Billion-record stolen Chinese database for sale on breach forum

Appears to have leaked from a cloud thanks to sloppy coding

A threat actor has taken to a forum for news and discussion of data breaches with an offer to sell what they assert is a database containing records of over a billion Chinese civilians – allegedly stolen from the Shanghai Police.

Over the weekend, reports started to surface of a post to a forum at Breached.to. The post makes the following claim:

In 2022, the Shanghai National Police (SHGA) database was leaked. This database contains many TB of data and information on Billions of Chinese citizens.

HackerDan offered to sell the lot for 10 Bitcoin – about $200,000. We've saved HackerDan's post as a PDF in case it vanishes.

HackerDan released sample datasets: one containing delivery addresses and often instructions for drivers; another with police records; and the last with personal identification information like name, national ID number address, height, and gender.

China has a national police force, and that presumably has a Shanghai office. But an entity called the "Shanghai National Police" is hard to find.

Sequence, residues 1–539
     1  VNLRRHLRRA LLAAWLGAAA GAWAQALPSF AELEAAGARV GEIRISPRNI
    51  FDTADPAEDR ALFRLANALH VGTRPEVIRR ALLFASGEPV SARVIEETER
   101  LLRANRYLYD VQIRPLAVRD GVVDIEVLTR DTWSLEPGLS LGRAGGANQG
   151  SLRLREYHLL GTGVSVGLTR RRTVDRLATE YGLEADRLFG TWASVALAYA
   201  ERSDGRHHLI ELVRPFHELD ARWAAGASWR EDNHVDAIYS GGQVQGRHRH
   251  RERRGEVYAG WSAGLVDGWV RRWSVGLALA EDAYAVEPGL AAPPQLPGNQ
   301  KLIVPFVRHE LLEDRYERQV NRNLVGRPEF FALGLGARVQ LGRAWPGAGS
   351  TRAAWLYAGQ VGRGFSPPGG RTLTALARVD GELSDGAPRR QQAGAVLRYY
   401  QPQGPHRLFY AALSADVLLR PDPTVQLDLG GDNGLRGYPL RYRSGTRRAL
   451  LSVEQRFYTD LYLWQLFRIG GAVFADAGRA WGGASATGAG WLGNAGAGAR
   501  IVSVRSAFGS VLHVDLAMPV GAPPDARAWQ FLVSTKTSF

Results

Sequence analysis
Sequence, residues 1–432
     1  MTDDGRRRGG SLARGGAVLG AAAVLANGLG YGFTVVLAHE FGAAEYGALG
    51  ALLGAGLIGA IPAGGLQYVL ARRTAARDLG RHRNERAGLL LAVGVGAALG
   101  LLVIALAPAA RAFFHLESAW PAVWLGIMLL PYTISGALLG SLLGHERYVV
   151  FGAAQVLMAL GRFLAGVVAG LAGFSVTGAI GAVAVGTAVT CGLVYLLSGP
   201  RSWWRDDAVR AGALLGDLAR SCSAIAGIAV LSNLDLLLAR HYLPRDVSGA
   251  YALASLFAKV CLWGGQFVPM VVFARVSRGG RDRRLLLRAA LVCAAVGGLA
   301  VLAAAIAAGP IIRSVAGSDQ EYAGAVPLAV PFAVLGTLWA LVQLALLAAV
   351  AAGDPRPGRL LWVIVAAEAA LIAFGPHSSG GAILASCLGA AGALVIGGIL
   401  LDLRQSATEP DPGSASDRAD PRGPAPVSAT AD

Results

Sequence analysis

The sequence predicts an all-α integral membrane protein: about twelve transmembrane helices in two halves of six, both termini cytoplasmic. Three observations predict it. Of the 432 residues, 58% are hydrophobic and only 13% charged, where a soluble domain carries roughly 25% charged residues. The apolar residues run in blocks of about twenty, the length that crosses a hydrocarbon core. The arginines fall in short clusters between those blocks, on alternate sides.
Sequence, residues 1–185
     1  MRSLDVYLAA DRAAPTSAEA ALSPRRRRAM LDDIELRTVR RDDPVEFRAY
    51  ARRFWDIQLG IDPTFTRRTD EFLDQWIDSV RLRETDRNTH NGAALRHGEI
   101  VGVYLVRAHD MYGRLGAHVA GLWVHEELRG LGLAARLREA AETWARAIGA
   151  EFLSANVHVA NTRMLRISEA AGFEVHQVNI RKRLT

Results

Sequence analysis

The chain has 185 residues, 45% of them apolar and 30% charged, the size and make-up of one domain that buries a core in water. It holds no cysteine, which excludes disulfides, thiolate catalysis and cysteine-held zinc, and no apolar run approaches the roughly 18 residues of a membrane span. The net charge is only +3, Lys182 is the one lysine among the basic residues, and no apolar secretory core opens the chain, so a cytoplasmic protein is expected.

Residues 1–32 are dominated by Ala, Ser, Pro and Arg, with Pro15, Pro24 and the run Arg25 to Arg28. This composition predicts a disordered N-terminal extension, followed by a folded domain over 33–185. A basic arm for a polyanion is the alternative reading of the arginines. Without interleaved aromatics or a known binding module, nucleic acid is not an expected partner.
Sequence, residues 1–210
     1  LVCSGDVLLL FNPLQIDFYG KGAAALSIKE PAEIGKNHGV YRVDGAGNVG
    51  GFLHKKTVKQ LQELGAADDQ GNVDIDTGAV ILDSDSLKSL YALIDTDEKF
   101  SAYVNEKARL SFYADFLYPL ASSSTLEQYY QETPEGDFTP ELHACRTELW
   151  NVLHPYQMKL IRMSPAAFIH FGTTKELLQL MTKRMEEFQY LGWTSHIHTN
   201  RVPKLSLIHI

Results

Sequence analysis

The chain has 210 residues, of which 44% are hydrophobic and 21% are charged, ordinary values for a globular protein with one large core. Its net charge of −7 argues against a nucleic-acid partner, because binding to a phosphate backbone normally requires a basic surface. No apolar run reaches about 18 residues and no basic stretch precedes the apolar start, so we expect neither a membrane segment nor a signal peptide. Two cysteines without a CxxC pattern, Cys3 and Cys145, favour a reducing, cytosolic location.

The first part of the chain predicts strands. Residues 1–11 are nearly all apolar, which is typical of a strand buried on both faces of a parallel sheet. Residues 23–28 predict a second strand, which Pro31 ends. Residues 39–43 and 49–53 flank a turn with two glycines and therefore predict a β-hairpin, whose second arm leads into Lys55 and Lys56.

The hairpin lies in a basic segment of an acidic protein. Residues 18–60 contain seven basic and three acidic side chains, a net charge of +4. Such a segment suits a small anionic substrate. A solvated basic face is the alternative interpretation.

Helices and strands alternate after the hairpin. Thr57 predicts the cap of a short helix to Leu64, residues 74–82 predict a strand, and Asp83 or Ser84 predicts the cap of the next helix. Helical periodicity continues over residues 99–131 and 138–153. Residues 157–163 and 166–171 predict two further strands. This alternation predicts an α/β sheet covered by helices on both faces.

Media outlets were nonetheless able to verify that the contents of the sample - whatever the source - describe actual people.

"Five people confirmed all of the data, including case details that would be difficult to obtain from any source other than the police. Four more people confirmed basic information such as their names before hanging up," reported the Wall Street Journal.

The WSJ's reporter Karen Hao described the experience on Twitter:

While the Shanghai government and police department have largely been silent over the leak, social media platforms Weibo and WeChat were not – at least until Sunday afternoon when users on Weibo began experiencing data leak-related blocked hashtags.

On Monday, an unusual voice joined in the analysis of the event: Changpeng Zhao, the CEO of cryptocurrency exchange Binance.

"CZ" – as he's known – took to Twitter with the following:

CZ's post came four days after HackerDan's so, while some facts matched, it was unclear if the CEO was referring to a different event.

He later tweeted again, this time alleging "this exploit happened because the gov developer wrote a tech blog on CSDN and accidentally included the credentials."

Whatever the source of the leak, it will mightily annoy China. The nation's government has recently prioritized personal data protection and critical infrastructure security. If the People's Police have mucked up on both counts, that will not go down well. ®

Similar topics

TIP US OFF

Send us news


Other stories you might like